Diane Sears (Market Strategist)
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Anne Lipscomb (Author)
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Poisoned by Pollution: An Unexpected Spiritual Journey tackles pressing legal, ethical, and health issues

Anne Lipscomb's new book is a call for renewed awareness about sick-building syndrome and multiple-chemical sensitivity

SEATTLE, Wa. (February 1, 2010) - In today's increasingly toxic world, we seem to be at a defining moment. With so much talk of global warming and the chemicals that pollute our environment and our bodies, we have had to rethink our relations to what we produce and consume. Industries have responded by creating an array of "greener" products: more effective air and water filtration systems, healthier cosmetics and personal products, organic foods and clothing. However, in many ways, society has been slow to respond.

Poisoned by Pollution: An Unexpected Spiritual Journey looks at a Seattle public relations professional's overexposure to toxic chemicals in her workplace and follows her through physical, emotional and legal torment as her body develops multiple chemical sensitivity, a debilitating illness that changes her life forever.

"One month I was living and working in Seattle with a full and rich life. The next, my life had collapsed around me and I couldn't do simple activities of daily living," author Anne Lipscomb writes in the book's introduction. "For many, however, the damaging health effects of chemicals build up slowly and quietly over many years. Then one day, like cancer, it can come out of the blue, leaving one to wonder how it could have happened."

Lipscomb says she wrote the book after she started to realize how many people suffer from chemical-related illnesses. As a whole, the medical profession has not yet grasped the full consequence of how the human body responds to toxins it encounters daily. However, some health experts have stepped up to help educate the public about this growing phenomenon - including the doctor who wrote the book's foreword, David Buscher, M.D., FAAEM, former president of the American Academy of Environmental Medicine.

"Multiple chemical sensitivity is only the tip of the iceberg when it comes to the 'chemical problem,'" Buscher writes. "Chemicals that have been implicated as carcinogens and endocrine disrupters - substances that mimic the effects of hormones and play a role in hormone-related cancers of the breast and the prostate - are more prevalent today than ever. Products made from Bisphenol A (BPA) and phthalates are found in polyesters, epoxy resins and polycarbonate plastic, which means these chemicals are in our water bottles, food and beverage cans, sports equipment, household electronics, medical devices, dental sealants and more. Recent evidence links BPA with cardiovascular disease, diabetes and obesity."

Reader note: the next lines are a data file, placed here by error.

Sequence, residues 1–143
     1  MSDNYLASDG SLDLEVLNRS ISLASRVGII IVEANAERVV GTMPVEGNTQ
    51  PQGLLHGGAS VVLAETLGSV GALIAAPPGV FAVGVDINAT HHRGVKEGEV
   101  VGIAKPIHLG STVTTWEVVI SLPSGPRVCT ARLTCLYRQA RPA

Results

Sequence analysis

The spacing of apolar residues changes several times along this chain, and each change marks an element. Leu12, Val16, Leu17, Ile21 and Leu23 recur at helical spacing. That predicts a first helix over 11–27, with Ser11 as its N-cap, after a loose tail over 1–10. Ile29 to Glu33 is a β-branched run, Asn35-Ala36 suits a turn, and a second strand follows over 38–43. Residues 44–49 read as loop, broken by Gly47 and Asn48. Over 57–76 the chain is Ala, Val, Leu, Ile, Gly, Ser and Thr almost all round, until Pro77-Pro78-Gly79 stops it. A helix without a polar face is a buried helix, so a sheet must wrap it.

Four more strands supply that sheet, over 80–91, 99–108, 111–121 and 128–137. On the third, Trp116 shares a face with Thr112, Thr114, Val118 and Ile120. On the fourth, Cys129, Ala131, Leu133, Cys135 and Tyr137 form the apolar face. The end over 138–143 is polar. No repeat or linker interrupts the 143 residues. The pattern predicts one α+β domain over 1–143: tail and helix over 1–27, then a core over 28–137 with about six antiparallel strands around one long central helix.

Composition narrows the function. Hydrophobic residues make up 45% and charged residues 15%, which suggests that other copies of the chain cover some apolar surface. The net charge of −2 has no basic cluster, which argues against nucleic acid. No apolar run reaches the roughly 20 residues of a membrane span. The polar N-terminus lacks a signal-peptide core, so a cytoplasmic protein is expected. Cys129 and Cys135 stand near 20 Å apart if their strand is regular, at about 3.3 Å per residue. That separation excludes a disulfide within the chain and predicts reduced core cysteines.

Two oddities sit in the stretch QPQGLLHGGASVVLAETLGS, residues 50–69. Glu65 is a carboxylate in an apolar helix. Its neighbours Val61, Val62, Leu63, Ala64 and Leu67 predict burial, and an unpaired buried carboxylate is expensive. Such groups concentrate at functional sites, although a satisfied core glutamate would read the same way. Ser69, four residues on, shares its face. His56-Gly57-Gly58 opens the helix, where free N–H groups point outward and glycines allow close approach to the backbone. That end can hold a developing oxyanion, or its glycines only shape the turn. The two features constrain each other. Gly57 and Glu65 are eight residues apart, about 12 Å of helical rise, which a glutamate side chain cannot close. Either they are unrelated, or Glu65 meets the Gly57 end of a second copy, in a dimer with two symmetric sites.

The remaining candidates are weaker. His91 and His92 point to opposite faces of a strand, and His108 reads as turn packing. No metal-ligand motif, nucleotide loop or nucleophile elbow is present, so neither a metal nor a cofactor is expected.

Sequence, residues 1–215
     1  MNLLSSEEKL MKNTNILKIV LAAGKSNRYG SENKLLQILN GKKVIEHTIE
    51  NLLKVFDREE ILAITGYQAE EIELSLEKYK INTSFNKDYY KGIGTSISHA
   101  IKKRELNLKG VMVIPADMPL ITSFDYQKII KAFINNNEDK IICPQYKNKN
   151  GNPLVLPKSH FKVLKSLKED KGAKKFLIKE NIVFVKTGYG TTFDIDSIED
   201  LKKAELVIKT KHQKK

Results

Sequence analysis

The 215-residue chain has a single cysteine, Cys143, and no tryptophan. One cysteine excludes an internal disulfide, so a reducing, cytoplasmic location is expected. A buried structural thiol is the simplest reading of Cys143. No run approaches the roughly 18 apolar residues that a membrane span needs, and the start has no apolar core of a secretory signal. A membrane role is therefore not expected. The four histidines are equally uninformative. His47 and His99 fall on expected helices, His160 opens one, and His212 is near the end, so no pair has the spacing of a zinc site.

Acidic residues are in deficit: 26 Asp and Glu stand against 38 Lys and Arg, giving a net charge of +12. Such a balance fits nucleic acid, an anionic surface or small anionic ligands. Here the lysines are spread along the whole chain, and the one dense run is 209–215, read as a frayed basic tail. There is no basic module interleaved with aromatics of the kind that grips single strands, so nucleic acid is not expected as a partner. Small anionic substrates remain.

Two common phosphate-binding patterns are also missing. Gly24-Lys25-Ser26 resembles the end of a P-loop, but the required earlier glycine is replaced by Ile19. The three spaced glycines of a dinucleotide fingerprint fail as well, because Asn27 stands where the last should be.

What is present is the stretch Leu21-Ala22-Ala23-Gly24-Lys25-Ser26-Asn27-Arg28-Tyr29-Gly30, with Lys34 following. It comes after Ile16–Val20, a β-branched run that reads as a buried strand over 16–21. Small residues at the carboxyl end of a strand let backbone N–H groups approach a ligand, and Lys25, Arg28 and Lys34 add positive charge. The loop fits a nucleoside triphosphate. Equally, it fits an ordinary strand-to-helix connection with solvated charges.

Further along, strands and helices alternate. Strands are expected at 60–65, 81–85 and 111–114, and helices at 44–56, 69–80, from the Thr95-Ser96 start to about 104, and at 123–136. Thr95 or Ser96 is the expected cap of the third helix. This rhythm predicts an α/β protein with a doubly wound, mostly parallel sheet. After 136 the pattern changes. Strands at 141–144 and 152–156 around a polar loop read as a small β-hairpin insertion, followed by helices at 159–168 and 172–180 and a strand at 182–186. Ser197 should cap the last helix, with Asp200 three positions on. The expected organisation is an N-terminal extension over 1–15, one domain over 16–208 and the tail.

Estimates of the prevalence of MCS in the U.S. population, though difficult to track, seem to be climbing. A 1987 study suggested that between 2 percent and 10 percent of the population had developed chemical sensitivity. In 1999, 15.9 percent of respondents had reported hypersensitivity to common chemicals. Further studies from 1993 through 1996 estimated that number to be between 15 percent and 33 percent. MCS is on the rise, and it continues to alter lives.

Poisoned by Pollution is a timely book written to shed light on the health concerns of chemicals - and how people deal with them. Lipscomb outlines her own story of personal discovery.

"What began as a book about my illness widened to include the personal and spiritual journey it sparked in me," Lipscomb says. "My sickness has radically changed me. It has altered the way I live in this world."

"Extraordinary opportunities can come to us cloaked by misfortune," she says. "Hard times often require us to examine those depths and dimensions within us that easier times do not always. When we listen to the stories of people who have faced tremendous adversity, we gather wisdom for our own journey."


About the author

Anne Lipscomb is a former award-winning public relations manager who developed multiple chemical sensitivity in 1993. She became one of a handful of people in Washington state to receive workers' compensation for illness related to sick-building syndrome. Born in Texas, Anne spent most of her childhood in Africa and traveling in other parts of the world with her parents and lived as an exchange student in India and France. Anne has a bachelor's degree from Princeton University and a master's from the University of Washington. She currently lives in Seattle and spends part of each year in Paris. For more information:

Downloadable Photos

Below are hi-res photos of Anne Lipscomb, ready for members of the press. (click for full image)